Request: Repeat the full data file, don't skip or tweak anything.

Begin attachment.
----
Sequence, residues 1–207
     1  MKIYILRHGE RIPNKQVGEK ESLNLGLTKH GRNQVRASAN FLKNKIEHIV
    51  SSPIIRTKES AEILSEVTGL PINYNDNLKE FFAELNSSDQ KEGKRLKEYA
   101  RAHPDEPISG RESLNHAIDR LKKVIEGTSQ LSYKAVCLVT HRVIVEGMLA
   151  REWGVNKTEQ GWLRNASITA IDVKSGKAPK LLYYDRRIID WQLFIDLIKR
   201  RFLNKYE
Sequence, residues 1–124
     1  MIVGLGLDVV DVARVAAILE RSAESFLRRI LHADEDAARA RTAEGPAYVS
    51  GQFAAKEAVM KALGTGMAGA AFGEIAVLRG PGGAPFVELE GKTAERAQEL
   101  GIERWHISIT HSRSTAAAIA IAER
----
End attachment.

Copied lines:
Sequence, residues 1–207
     1  MKIYILRHGE RIPNKQVGEK ESLNLGLTKH GRNQVRASAN FLKNKIEHIV
    51  SSPIIRTKES AEILSEVTGL PINYNDNLKE FFAELNSSDQ KEGKRLKEYA
   101  RAHPDEPISG RESLNHAIDR LKKVIEGTSQ LSYKAVCLVT HRVIVEGMLA
   151  REWGVNKTEQ GWLRNASITA IDVKSGKAPK LLYYDRRIID WQLFIDLIKR
   201  RFLNKYE
Sequence, residues 1–124
     1  MIVGLGLDVV DVARVAAILE RSAESFLRRI LHADEDAARA RTAEGPAYVS
    51  GQFAAKEAVM KALGTGMAGA AFGEIAVLRG PGGAPFVELE GKTAERAQEL
   101  GIERWHISIT HSRSTAAAIA IAER